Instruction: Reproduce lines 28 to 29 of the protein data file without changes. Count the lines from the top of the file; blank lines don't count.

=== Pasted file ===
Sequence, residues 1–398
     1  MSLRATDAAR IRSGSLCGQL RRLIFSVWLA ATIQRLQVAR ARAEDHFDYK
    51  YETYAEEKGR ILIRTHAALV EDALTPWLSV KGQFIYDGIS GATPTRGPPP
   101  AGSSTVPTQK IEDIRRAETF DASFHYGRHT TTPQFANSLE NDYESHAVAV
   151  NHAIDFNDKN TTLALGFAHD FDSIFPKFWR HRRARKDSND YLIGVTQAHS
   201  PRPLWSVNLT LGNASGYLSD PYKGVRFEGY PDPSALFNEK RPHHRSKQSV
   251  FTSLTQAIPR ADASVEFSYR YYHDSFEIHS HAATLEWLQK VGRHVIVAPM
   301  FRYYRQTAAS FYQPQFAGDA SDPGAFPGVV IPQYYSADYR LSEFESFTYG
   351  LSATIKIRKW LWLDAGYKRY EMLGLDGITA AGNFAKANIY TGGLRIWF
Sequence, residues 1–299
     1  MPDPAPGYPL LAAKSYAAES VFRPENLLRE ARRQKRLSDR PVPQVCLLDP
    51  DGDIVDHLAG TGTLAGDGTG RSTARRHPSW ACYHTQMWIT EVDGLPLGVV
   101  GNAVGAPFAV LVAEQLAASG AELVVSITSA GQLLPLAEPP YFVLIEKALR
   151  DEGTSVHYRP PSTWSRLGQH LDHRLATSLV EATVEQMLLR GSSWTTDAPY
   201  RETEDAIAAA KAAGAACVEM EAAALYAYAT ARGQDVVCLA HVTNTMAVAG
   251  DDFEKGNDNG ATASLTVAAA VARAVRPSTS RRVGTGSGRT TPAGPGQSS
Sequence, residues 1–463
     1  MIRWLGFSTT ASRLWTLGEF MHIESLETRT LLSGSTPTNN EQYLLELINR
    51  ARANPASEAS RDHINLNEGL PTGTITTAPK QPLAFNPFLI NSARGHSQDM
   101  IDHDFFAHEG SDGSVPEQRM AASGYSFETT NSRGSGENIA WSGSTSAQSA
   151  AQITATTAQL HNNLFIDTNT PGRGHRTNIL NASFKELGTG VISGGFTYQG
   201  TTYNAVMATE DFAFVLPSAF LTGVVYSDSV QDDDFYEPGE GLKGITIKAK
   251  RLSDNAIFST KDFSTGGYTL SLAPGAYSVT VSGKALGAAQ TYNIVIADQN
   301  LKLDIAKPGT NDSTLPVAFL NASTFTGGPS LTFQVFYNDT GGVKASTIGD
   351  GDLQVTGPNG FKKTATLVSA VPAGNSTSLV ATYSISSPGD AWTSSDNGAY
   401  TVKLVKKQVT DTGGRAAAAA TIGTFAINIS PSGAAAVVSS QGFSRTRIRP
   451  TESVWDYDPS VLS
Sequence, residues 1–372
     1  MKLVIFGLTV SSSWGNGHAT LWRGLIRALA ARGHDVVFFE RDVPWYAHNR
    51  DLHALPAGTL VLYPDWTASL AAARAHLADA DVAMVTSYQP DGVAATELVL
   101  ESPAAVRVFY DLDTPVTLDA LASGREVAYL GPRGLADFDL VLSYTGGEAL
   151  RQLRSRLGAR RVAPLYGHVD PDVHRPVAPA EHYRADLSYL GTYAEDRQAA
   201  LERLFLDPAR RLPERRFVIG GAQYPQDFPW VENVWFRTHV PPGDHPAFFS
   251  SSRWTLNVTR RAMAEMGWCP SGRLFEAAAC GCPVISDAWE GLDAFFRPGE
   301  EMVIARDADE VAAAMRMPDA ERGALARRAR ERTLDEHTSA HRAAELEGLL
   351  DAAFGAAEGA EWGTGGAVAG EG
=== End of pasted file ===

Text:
Sequence, residues 1–372
     1  MKLVIFGLTV SSSWGNGHAT LWRGLIRALA ARGHDVVFFE RDVPWYAHNR